Myths We Live By – Review #2

When I left Mary Midgley half reviewed here, I suggested things were leading to Gaia.

Her final sub-chapter is “What Must We Do ?” and in it she concludes “In the last few decades we have learned a lot of new words, ecosystem, biosphere, Gaia, sustainable development and the rest … words framed to express a cooperative relation with other life forms … which our cuture has since the enlightenment refused to take seriously.”

Her main theme is that there is no single basis for decisions, it’s always a question of balance, lesser evils often, and in such value decisions the individual case must always be balanced with the general principle(s) involved.

After leading with the basic falacies of dualism and objective science, she proceeds through gender biases in culture and language, leading eventually to the moral issues of rights, freedoms and valuing life, any individual life, and the whole of life.

Liked her view of “parsimony” – in complex situations apparent scientific objective views will always be simpler and will tend to be favoured by Occam’s principle, whether they are a valid model of the situation or not. (Beware cutting your own throat with Occam’s razor / Careful with that razor Occam, are two aphorisms I’ve used repeatedly.)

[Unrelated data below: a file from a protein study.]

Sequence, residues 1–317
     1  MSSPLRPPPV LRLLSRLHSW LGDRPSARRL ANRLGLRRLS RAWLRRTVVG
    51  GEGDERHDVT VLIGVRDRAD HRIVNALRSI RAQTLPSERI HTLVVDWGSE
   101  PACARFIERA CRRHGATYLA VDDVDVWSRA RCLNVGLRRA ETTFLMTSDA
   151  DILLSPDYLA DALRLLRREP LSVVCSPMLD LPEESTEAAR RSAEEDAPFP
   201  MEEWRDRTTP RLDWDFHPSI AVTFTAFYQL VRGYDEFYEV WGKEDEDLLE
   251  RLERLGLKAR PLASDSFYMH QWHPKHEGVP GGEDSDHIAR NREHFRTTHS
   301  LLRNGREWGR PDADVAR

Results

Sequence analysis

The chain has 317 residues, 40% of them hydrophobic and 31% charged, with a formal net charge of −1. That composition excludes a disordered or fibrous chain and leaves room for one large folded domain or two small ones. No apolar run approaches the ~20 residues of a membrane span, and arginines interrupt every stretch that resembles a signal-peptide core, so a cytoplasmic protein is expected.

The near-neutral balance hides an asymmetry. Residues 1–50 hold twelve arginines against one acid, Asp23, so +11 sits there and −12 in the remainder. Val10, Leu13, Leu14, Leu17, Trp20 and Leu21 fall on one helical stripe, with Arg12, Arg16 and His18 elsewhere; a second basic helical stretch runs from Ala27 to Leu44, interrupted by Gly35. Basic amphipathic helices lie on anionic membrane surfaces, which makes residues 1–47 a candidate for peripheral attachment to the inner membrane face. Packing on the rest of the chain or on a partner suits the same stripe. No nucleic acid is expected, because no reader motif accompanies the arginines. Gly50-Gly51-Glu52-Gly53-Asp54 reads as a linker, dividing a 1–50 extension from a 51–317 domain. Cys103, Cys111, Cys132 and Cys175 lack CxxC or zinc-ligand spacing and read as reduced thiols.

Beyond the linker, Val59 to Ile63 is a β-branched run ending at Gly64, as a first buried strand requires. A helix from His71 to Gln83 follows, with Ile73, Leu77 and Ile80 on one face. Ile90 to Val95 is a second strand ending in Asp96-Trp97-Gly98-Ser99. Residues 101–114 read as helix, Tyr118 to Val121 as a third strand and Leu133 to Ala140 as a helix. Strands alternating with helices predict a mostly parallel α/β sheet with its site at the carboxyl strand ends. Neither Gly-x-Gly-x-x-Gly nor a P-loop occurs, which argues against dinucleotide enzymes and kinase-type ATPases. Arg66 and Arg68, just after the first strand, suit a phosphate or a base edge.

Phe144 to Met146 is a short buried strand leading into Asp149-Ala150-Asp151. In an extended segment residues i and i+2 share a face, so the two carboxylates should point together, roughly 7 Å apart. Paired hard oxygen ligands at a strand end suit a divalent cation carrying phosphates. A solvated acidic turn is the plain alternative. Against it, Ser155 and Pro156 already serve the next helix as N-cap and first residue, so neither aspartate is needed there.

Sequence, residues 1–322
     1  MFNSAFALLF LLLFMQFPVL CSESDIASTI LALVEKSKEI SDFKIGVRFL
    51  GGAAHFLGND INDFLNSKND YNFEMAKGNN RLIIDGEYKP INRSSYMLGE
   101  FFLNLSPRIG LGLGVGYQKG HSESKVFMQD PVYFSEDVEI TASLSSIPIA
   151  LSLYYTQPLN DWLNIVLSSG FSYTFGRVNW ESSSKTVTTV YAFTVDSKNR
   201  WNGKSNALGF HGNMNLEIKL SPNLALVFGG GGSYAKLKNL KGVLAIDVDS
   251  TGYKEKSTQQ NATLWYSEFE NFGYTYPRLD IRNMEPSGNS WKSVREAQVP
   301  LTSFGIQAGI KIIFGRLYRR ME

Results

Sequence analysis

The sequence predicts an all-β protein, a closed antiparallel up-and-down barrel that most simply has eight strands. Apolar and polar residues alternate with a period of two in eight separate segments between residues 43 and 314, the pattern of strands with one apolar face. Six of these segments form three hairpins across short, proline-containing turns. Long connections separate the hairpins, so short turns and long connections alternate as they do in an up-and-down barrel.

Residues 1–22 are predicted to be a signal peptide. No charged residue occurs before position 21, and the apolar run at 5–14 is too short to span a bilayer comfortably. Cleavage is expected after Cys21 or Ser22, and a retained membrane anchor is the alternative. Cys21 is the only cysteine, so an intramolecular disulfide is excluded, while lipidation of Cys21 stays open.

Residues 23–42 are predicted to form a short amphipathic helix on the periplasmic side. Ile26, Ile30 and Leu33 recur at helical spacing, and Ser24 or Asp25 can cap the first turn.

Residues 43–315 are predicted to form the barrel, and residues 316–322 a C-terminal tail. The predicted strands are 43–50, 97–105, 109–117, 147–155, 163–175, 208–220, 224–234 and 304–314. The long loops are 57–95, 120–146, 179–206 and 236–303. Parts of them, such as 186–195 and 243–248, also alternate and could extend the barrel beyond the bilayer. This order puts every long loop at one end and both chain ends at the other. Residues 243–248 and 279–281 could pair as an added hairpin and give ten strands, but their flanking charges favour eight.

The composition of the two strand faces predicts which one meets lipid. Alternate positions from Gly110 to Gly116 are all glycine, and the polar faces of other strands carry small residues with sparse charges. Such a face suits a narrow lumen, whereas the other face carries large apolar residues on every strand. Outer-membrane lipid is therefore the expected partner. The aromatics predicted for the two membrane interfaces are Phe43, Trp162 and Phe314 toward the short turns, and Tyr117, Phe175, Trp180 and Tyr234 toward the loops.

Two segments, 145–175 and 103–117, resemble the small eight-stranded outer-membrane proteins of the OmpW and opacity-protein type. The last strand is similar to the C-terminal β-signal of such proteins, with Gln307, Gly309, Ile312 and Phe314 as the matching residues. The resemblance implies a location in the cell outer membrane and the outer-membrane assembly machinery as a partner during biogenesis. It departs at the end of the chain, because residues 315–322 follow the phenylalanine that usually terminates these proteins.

Another feature that has exercised my mind recently is diluted meaning being spread in usage of words – I’ve usually dumped it under the headings of memetics and political correctness. She’s talking about “hunting” being referred to as “culling”, justified by wise-management. She says “the repeated misuse of a word cannot damn a practice … there is scarcely a good practice whose name has not been borrowed at times to guild something disreputable. Hypocrisy is indeed the tribute that vice pays to virtue.” I like that final turn of phrase.

She continues to be dismissive of Buddhism, science and any view of the world as essentially information throughout. Surprising, after dwelling so much on complexity of real-life decisions, that she pays no attention to the scientific views of complexity and chaos, or complex systems theory and emergence views of the world. Pity; I expect she does have views on these.

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